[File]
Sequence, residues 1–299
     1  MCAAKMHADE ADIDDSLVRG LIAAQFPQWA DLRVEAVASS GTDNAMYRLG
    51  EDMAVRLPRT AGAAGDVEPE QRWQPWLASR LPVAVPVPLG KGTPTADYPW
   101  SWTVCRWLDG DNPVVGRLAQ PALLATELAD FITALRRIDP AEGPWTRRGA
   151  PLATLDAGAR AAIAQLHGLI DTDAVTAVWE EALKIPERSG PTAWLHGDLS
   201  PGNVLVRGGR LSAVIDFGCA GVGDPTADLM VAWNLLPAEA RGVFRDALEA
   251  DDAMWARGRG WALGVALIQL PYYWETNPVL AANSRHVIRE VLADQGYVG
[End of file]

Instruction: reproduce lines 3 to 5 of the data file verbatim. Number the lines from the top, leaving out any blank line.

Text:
    51  EDMAVRLPRT AGAAGDVEPE QRWQPWLASR LPVAVPVPLG KGTPTADYPW
   101  SWTVCRWLDG DNPVVGRLAQ PALLATELAD FITALRRIDP AEGPWTRRGA
   151  PLATLDAGAR AAIAQLHGLI DTDAVTAVWE EALKIPERSG PTAWLHGDLS